Given the current obsession with food authenticity, I often wonder if we realize how the food we eat is newly invented and not part of any authentic tradition. Many ingredients that we consider to be an integral part of Indian cuisine came from South America and only came to us when Europeans brought them here: tomatoes, potatoes, corn, peppers, etc.
And so many of the dishes that we consider to be part of the ancient Indian tradition are 20th century restaurant creations. Butter Chicken, Masala Dosa, Chicken 65, Vada Pav, Chicken Tikka and many more.
This shouldn’t surprise us. This is true of all cuisines all over the world. Spaghetti Bolognese was not created in Bologna but in England. Chicken Kiev was not invented in Kiev or elsewhere in Ukraine. It was invented in New York. Pepperoni is not a traditional Italian topping for pizza. It is an American creation.
This is also true of the food of Asia. Along with sushi and sashimi, the only Japanese dish that has gained popularity around the world is ramen. The sight of a ramen house with diners noisily sipping their ramen and soup feels quintessentially Japanese to us. And it may be, but only now. Until the 1950s, hardly anyone in Japan ate ramen.
Until then, the Japanese called Ramen Shina Soba or Chinese soba because the dish was considered part of Chinese cuisine. All of that changed after Japan was defeated in World War II. The victorious American occupiers tried to feed the defeated Japanese masses, only to find that the country had its worst rice harvest in 42 years in 1945. The Japanese were then (and still are, in many ways) a predominantly consuming population. of rice, so there was a terrible food shortage and people were hungry.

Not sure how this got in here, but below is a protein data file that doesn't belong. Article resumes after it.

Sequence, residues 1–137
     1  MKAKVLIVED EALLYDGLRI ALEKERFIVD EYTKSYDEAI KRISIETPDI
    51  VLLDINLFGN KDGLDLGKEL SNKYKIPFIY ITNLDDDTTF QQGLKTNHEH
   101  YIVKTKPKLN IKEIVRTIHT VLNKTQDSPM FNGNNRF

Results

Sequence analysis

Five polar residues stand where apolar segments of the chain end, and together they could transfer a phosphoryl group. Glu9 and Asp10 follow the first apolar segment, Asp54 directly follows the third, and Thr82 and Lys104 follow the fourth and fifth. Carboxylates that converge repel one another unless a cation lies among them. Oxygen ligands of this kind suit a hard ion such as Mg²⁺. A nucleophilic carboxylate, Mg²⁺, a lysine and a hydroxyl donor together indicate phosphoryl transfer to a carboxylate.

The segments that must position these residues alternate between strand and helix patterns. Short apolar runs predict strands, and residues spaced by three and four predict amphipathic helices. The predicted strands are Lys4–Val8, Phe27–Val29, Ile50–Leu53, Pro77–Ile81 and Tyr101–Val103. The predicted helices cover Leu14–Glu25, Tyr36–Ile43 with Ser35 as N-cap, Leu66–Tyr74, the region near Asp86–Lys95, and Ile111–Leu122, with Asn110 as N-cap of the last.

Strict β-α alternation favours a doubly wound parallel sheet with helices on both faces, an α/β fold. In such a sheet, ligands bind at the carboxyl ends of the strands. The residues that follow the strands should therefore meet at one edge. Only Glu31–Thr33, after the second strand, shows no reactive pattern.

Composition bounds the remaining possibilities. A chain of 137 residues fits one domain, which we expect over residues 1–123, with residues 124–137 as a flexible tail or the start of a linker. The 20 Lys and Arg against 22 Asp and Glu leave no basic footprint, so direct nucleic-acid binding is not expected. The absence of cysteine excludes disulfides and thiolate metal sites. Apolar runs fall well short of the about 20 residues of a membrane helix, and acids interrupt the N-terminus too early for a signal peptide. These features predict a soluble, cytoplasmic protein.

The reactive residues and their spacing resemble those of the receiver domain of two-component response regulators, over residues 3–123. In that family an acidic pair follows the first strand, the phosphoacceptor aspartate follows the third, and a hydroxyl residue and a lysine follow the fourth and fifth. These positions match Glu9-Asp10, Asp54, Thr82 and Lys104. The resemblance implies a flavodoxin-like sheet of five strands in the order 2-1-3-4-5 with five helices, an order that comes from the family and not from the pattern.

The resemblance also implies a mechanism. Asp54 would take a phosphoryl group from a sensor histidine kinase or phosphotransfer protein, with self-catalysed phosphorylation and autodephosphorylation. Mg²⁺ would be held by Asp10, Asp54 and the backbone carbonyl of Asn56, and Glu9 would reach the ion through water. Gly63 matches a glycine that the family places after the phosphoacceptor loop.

The Americans responded by flooding the country with American wheat, hoping the Japanese would eat bread. They did it: bread consumption in Japan more than doubled between 1948 and 1951. But much of America’s wheat was used to make Chinese-style wheat noodles, which eventually became an urban staple. under the name of Ramen.
Thus, ramen is hardly a traditional food in Japan. It is a Chinese dish that became popular because of the American occupation.
Noodle dishes exploded across Asia after WWII. Take Pad Thai, perhaps the most popular Thai dish in the world. One story suggests that it was not invented until the 1930s by the Thai government to help build the nation and was called Pad Thai to give it a patriotic character. (Pad means stir-fry, so ‘Thai Stir-fry’ or something like that.)
The dish did not take off until the 1950s and this is attributed to rice shortages during WWII. The Thais discovered that you could make two kilograms of rice noodles from one kilogram of rice (no, I don’t know how it works either), so they used their precious reserves of rice for making of noodles. The recipe for Pad Thai already existed, so the noodles entered Pad Thai, which became a means of feeding the nation. By the 1950s, it had become a staple.
You can argue about the historicity of the stories, but what is clear is that Pad Thai and Ramen only took off after WWII and are relatively new dishes, which are far from over. ‘be traditional in their own kitchens.
We have experienced a similar transformation in India. Until the 1950s, Indians did not really drink tea. It had been planted by the British using saplings brought from China, but the production was mainly for export. Tea consumption did not take off in India until the 1950s after a Tea Board campaign to get Indians to drink tea.